Pancrasweek  Devon


In 1870-72, John Marius Wilson's Imperial Gazetteer of England and Wales described Pancrasweek like this:

PANCRASWEEK, a village and a parish in Holsworthy district, Devon. The village stands near the Bude canal, the river Tamar, and the boundary with Cornwall, 3½ miles W N W of Holsworthy, and 15 N by W of Lifton r. station; and is sometimes called Week-Pancrassa, or Week, St. Pancras. The parish contains also the hamlets of Dexbeer, Dunsdon, and Kingford; and its post town is Holsworthy, North Devon. ...

Acres, 3, 782. Real property, £2, 209. Pop. in 1851, 460; in 1861, 378. Houses, 71. Much of the land belongs to L. W. Buck, Esq. The living a p. curacy, annexed to the vicarage of Bradworthy, in the diocese of Exeter. The church is later English; and consists of nave, Naisle, transept, and chancel with a lofty tower. There is a Wesleyan chapel.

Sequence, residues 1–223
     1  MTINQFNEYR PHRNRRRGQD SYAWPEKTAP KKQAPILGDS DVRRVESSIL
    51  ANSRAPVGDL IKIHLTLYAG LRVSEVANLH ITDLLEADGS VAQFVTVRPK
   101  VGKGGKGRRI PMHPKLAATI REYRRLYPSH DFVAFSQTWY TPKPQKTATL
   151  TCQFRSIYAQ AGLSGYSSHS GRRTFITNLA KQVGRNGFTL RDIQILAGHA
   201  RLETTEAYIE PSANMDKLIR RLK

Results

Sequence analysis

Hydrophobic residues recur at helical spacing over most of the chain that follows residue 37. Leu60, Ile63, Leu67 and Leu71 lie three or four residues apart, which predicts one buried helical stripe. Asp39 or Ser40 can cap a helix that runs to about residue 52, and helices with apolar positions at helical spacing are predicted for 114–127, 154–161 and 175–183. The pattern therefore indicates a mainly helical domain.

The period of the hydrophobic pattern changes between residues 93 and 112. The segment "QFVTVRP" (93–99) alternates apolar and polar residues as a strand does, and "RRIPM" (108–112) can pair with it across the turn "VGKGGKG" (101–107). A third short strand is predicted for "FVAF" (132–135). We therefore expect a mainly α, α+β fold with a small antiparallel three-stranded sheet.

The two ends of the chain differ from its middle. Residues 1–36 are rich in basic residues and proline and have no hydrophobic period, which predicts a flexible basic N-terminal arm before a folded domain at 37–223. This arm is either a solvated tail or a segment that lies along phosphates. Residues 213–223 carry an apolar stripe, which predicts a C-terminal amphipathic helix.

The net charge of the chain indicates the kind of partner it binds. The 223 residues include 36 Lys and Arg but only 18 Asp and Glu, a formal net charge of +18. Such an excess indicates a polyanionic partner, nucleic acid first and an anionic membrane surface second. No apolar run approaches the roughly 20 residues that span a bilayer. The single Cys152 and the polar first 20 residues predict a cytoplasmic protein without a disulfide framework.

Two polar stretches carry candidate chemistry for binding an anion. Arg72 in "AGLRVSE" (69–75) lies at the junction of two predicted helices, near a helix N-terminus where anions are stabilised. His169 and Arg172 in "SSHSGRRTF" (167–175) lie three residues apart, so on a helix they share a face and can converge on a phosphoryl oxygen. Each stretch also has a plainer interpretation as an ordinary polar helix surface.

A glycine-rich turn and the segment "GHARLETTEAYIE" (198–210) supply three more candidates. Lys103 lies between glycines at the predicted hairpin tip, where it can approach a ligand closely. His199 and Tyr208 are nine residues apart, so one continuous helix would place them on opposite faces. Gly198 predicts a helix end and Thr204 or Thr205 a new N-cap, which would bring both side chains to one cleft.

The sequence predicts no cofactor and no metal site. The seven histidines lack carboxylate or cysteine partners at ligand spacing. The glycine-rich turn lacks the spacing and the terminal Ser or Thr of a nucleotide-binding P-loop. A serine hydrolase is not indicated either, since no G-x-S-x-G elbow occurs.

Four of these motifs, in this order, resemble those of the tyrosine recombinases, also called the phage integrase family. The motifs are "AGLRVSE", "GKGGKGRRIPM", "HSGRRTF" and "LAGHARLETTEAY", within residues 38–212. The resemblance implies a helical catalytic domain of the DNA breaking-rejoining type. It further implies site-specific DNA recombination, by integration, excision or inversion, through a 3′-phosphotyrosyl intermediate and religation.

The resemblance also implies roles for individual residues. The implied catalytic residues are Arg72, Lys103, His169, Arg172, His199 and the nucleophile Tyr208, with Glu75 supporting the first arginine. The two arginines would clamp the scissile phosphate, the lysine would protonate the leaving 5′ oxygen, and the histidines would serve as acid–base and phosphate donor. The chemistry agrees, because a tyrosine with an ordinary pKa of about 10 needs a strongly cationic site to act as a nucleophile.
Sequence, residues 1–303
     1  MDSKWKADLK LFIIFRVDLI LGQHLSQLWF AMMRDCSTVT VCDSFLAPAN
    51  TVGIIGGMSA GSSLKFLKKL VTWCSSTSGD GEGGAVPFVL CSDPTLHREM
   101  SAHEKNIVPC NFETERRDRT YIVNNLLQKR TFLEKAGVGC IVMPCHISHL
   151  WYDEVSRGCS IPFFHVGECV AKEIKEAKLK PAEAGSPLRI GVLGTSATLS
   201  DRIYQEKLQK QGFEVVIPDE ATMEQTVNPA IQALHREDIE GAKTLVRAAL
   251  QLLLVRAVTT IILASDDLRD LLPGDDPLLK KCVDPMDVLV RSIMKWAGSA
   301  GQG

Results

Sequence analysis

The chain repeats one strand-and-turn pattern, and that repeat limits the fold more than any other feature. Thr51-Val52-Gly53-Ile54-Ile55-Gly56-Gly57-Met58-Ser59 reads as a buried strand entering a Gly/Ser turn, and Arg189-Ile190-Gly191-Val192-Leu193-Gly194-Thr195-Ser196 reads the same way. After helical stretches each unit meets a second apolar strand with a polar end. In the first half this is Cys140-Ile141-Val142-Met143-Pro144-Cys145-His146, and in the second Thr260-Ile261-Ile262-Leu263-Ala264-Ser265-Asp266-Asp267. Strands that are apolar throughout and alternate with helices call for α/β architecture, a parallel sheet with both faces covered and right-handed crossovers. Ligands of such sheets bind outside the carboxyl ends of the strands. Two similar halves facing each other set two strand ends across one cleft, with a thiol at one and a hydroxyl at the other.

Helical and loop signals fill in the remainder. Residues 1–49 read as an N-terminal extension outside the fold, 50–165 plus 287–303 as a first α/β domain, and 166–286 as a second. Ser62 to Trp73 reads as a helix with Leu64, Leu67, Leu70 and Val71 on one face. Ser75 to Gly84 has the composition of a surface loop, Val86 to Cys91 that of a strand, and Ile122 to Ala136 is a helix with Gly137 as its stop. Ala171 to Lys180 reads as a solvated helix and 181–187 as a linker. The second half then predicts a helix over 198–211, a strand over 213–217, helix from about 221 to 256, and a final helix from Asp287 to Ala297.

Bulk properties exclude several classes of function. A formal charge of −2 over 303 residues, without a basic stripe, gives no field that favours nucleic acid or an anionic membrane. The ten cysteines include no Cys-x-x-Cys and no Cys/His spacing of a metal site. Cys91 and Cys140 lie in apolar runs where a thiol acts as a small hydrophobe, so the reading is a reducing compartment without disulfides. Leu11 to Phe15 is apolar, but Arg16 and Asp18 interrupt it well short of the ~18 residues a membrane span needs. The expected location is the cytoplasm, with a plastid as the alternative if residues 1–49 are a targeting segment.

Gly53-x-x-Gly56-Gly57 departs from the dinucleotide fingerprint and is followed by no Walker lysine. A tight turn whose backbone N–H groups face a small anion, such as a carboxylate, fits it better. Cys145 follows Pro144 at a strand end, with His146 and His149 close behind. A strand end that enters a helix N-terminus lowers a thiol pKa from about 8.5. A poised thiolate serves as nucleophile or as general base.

Pancrasweek through time

Pancrasweek is now part of Torridge district. Click here for graphs and data of how Torridge has changed over two centuries. For statistics about Pancrasweek itself, go to Units and Statistics.

How to reference this page:

GB Historical GIS / University of Portsmouth, History of Pancrasweek, in Torridge and Devon | Map and description, A Vision of Britain through Time.


Date accessed: 11th August 2022

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